Brazil to open up for US GMO corn imports

The Brazilian corn market will be tight this year. Tereza Cristina, Brazil’s agriculture minister, has announced that Brazil will now allow for genetically modified organism (GMO) corn imports from the United States.

Brazil will open its doors to US corn imports, with the failure in the country’s second corn crop – safrinha – raising concerns about domestic feed availability, Cristina said during a live-streamed event on Monday June 14.

The type of GMO corn produced in the US is not produced in Brazil and its import needs to be authorized by the country’s Biosecurity National Technical Commission (CTNBio).

Tight stocks raise concerns
The Brazilian corn market is expected to be particularly tight this year due to the failure in the not-yet-harvested safrinha, which accounts for more than 70% of the country’s corn output.

Declining expected yields due to late planting along with dry and warm weather conditions led Brazilian food agency Conab to downgrade the country’s corn production estimate by 10 million tonnes.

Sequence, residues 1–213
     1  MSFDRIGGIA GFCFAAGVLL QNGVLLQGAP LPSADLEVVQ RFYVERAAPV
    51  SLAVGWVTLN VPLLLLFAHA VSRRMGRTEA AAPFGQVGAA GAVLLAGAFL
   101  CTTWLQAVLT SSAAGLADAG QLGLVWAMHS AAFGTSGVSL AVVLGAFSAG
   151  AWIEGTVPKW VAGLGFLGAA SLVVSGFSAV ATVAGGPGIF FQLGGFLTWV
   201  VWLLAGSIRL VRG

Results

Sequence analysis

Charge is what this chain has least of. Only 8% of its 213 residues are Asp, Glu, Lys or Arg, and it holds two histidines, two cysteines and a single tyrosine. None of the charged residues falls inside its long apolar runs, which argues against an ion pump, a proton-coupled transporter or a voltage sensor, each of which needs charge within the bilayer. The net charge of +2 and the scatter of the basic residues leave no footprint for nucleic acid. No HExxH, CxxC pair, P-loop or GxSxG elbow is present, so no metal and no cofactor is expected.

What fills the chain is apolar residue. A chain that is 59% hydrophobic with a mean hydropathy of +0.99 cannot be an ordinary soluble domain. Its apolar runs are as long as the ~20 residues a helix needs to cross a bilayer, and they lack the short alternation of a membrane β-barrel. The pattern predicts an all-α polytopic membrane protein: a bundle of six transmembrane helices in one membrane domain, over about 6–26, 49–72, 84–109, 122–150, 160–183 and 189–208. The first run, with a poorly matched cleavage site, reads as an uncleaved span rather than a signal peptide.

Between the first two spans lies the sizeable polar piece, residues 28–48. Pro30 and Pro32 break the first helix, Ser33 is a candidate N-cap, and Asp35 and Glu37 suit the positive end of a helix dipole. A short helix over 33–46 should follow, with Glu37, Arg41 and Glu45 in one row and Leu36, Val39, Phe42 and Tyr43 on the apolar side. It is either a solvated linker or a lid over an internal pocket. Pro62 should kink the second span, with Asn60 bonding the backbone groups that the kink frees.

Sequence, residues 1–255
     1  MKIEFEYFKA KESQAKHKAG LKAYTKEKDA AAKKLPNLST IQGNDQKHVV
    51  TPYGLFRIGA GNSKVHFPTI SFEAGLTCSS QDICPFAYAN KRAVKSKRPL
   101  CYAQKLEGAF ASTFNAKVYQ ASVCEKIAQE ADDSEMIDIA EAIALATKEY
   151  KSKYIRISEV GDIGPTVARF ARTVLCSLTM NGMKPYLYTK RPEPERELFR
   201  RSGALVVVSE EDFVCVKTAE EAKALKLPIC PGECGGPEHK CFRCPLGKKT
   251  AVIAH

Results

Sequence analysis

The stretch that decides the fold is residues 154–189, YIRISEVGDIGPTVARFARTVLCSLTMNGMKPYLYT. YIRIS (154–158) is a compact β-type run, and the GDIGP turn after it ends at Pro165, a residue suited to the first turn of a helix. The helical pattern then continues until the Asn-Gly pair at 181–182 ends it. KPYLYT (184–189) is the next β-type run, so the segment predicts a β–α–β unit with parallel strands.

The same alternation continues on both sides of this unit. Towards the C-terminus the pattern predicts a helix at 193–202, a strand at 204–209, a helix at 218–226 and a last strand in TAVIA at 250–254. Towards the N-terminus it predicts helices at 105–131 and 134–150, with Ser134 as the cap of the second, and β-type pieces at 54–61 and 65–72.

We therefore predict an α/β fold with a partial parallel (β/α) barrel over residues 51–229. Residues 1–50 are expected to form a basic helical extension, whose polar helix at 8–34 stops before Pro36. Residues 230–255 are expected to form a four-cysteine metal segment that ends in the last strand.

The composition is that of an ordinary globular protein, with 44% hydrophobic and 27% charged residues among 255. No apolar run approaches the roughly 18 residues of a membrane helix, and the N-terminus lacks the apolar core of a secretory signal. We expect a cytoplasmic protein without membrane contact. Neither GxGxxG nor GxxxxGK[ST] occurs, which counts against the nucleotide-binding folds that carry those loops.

This has raised concerns among Brazilian feedstock consumers about the lack of feed affecting livestock production amid rising meat exports and domestic consumption.

“There is not going to be a lack of corn, though prices will remain high,” Cristina said.

In the first five months of the year, Brazil imported around 821,000 tonnes of corn, up by 78% year on year.

Almost all imported volumes came from Paraguay, and imports from the US have historically been negligible – with only the North-Northeast region of the country likely to accommodate volume.

This article, by Eduardo Tinti, was first published to agricensus.com on June 15.

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